re.search much slower then grep on some regular expressions

Sebastian "lunar" Wiesner basti.wiesner at gmx.net
Sat Jul 5 12:44:05 CEST 2008


Carl Banks <pavlovevidence at gmail.com>:

> On Jul 5, 4:12 am, "Sebastian \"lunar\" Wiesner"
> <basti.wies... at gmx.net> wrote:
>> Paddy <paddy3... at googlemail.com>:
>>
>>
>>
>> > On Jul 4, 1:36 pm, Peter Otten <__pete... at web.de> wrote:
>> >> Henning_Thornblad wrote:
>> >> > What can be the cause of the large difference between re.search and
>> >> > grep?
>>
>> >> grep uses a smarter algorithm ;)
>>
>> >> > This script takes about 5 min to run on my computer:
>> >> > #!/usr/bin/env python
>> >> > import re
>>
>> >> > row=""
>> >> > for a in range(156000):
>> >> > row+="a"
>> >> > print re.search('[^ "=]*/',row)
>>
>> >> > While doing a simple grep:
>> >> > grep '[^ "=]*/' input                  (input contains 156.000 a in
>> >> > one row)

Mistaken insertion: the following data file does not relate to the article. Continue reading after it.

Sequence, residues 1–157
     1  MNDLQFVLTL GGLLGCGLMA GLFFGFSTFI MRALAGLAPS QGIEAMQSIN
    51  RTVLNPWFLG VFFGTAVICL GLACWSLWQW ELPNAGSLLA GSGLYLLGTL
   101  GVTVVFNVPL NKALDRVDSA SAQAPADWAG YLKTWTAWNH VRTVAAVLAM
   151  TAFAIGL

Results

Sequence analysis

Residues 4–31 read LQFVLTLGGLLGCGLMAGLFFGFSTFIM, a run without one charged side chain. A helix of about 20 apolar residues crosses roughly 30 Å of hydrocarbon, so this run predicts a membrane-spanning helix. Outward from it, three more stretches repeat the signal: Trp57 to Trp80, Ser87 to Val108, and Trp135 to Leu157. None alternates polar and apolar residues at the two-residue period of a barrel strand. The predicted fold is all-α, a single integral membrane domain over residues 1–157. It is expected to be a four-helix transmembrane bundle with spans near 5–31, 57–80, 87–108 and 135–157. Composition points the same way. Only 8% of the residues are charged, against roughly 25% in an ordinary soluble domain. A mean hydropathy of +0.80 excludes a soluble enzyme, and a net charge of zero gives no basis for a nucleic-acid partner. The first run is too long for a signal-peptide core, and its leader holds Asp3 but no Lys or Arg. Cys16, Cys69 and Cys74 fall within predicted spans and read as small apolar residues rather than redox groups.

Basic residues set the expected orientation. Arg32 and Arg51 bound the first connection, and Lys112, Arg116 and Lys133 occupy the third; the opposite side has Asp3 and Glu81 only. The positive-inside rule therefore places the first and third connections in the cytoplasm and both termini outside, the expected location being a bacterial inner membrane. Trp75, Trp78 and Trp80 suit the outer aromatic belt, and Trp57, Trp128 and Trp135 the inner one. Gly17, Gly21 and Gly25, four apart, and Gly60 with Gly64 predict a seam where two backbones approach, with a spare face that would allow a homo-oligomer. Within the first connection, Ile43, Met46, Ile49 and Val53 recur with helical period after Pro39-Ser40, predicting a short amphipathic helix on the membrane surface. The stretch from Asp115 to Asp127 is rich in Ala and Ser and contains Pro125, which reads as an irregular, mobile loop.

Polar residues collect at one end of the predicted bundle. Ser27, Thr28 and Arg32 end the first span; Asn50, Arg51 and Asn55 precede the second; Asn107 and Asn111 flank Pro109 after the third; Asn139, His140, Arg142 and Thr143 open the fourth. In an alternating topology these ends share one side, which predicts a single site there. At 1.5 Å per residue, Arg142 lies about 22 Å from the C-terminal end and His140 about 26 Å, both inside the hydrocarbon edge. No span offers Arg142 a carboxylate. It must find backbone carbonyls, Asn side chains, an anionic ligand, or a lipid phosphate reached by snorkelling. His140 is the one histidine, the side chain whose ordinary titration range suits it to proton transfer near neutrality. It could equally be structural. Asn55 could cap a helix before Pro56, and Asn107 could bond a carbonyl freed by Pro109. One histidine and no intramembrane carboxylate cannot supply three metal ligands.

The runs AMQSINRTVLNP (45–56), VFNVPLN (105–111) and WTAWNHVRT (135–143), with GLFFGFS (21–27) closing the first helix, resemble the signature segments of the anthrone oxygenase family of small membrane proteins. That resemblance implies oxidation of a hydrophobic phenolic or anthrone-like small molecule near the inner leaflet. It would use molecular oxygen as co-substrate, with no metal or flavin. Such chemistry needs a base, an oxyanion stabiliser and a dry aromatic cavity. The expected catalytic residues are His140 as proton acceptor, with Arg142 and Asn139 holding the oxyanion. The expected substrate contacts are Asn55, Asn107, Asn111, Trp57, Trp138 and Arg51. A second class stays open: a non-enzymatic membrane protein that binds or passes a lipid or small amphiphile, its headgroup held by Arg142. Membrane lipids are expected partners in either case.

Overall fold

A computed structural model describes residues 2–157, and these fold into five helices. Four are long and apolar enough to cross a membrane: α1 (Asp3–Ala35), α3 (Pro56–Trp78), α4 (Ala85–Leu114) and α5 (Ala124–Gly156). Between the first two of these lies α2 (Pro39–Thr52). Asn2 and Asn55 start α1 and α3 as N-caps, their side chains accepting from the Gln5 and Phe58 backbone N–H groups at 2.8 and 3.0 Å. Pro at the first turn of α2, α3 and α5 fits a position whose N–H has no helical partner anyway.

>> >> > doesn't even take a second.
>>
>> >> > Is this a bug in python?
>>
>> >> You could call this a performance bug, but it's not common enough in
>> >> real code to get the necessary brain cycles from the core developers.
>> >> So you can either write a patch yourself or use a workaround.
>>
>> >> re.search('[^ "=]*/', row) if "/" in row else None
>>
>> >> might be good enough.
>>
>> >> Peter
>>
>> > It is not a smarter algorithm that is used in grep. Python RE's have
>> > more capabilities than grep RE's which need a slower, more complex
>> > algorithm.
>>
>> FWIW, grep itself can confirm this statement.  The following command
>> roughly takes as long as Python's re.search:
>>
>> # grep -P '[^ "=]*/' input
>>
>> -P tells grep to use real perl-compatible regular expressions.
> 
> This confirms that a particular engine might not be optimized for it,
> but it's not necessarily a reflection that the engine is more complex.

My posting wasn't intended to reflect the differences in complexity between
normal GNU grep expressions (which are basically extended POSIX
expressions) and perl-compatible expressions.  The latter just _are_ more
complex, having additional features like look aheads or non-greedy
qualifiers.

I just wanted to illustrate, that the speed of the given search is somehow
related to the complexity of the engine.  

Btw, other pcre implementation are as slow as Python or "grep -P".  I tried
a sample C++-code using pcre++ (a wrapper around libpcre) and saw it
running equally long.


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